The ultimate marker of success for a brand is when it becomes so culturally well received that it “belongs to consumers”, according to Maurice Lévy.
Publicis’ soon-to-depart chairman and chief executive addressed an audience at the Groupe’s London offices on 7 March to promote the second Viva Technology start-up event in Paris.
Lévy, who is due to hand over his crown to Publicis Communications boss Arthur Sadoun at the beginning of June, refused to discuss legacy, saying the term made him “start thinking about death and the end”.
“I don’t like thinking about the footprint,” he said. “When it comes to a brand, great success is when we lose ownership of a brand and it is owned by consumers – that is ultimate success.
“The day Viva Technology is owned by start-ups, that day, success will be there forever,” he continued, detailing that he aims to protect the event’s vibrancy and enthusiasm as a “place where anything can happen”.
“If it is expected, it is not interesting,” he added. “If life was only what you expected to happen, it’d be boring.”
‘Finding a future’
Viva Technology, which Lévy described as “Cannes Lions, starting in Paris”, attracted 45,000 visitors including 6,000 chief executives, 250 investors and 5,000 start-ups in 2016. It was also attended by 5,000 students, looking for tips on how to make their first steps on the media career ladder.
Lévy said he was always fascinated to speak to young job seekers, learning more from the conversations than they do. “It’s almost a reward, to spend time and open your arms to young people looking for jobs, looking for direction, looking for new ways to find a future,” he added.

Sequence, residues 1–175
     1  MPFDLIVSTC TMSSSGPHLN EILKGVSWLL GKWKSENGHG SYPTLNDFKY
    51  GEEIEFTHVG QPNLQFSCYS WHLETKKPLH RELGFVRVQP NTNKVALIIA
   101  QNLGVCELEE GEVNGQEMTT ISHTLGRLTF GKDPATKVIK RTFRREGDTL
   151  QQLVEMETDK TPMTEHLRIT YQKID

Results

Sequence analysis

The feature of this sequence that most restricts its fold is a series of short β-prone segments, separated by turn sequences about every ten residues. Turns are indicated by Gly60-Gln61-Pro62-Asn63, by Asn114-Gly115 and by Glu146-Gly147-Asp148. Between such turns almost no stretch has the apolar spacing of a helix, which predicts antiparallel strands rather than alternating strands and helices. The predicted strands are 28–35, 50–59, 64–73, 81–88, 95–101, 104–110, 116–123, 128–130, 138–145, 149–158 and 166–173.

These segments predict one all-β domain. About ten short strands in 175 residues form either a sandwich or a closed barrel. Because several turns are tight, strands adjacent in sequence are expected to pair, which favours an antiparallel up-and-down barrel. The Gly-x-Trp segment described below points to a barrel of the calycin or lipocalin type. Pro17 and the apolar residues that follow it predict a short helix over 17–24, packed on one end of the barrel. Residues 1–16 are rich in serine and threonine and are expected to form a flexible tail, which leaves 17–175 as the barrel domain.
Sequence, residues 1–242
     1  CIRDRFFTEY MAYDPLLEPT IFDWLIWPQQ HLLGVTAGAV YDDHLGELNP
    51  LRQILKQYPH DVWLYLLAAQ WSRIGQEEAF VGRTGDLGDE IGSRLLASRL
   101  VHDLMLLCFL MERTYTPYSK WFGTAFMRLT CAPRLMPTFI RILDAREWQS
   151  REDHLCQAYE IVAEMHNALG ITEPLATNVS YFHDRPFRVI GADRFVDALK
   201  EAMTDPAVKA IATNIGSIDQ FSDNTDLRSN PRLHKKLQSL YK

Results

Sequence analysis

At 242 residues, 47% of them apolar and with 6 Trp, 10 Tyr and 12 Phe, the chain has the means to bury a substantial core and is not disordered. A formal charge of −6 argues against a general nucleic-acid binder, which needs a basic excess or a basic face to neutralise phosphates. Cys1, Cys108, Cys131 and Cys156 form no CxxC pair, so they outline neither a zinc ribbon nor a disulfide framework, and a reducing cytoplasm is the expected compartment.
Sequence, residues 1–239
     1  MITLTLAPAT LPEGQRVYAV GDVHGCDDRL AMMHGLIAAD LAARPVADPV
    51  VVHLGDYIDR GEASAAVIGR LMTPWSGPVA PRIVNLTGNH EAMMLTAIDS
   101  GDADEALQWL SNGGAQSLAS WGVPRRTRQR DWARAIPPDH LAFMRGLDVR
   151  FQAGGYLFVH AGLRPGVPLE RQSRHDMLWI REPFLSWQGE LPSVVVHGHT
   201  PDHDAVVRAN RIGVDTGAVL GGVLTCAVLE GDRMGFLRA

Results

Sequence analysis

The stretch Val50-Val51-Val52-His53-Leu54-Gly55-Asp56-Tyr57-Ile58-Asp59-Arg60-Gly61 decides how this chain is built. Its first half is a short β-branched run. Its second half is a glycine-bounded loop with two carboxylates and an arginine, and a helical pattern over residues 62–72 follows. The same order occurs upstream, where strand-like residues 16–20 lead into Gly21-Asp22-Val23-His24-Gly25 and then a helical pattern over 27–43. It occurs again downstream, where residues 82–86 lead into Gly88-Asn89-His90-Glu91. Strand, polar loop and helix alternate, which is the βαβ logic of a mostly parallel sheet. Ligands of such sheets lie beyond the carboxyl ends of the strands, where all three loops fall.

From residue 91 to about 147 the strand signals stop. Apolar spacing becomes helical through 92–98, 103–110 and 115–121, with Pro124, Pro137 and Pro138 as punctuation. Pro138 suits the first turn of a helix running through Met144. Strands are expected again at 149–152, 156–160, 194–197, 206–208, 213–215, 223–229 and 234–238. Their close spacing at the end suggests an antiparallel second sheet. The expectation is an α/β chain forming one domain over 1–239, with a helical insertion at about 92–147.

He described the importance of big corporations selecting start-ups that fit with their culture. “If there is something hugely complicated, it’s keeping the integrity,” Lévy said, adding that finding the right match was the responsibility of the big corporation.
Successful start-ups, in his opinion, have big dreams. “Start-ups with small dreams barely succeed,” he added, comparing the scale of Publicis founder Marcel Bleustein-Blanchet’s ambition, which he described as large, but with small, planned steps.
“Dreams without borders are immediately global and fearless; even if they realise only 10%, it’s fantastic.”
His advice to British entrepreneurs in a post-Brexit climate was to emphasise that the UK will remain part of Europe.
“It has been said that the continent is no longer isolated from the UK, thanks to the tunnel,” Lévy commented. “I think the collaboration, the ‘Europisation’ is much stronger than any barrier any political gain. It’s too bad the UK has decided to leave, too sad as I believe we need to get stronger together.
“I believe entrepreneurs can go everywhere and will find their way, Brexit or no Brexit.”
Talking about Viva Technology, he described the event’s niche as a combination of the best of CES and Davos, but devoted to the collaboration of large corporations and start-ups through four pillars – meetings between start-ups and large companies, an international stage of content, hundreds of panels and a start-up growth connection with investors and venture capitals.
As well as speakers like AOL’s Tim Armstrong, Alphabet’s Eric Schmidt and Alibaba’s Daniel Zhang, the event offers an open innovation platform for partners to post challenges to start-ups, plus a new international prize for the new business with the most innovative product.
“I believe we will become an ‘incontournable rendezvous’ (unavoidable meeting) for game changers, shapers and makers,” concluded Lévy.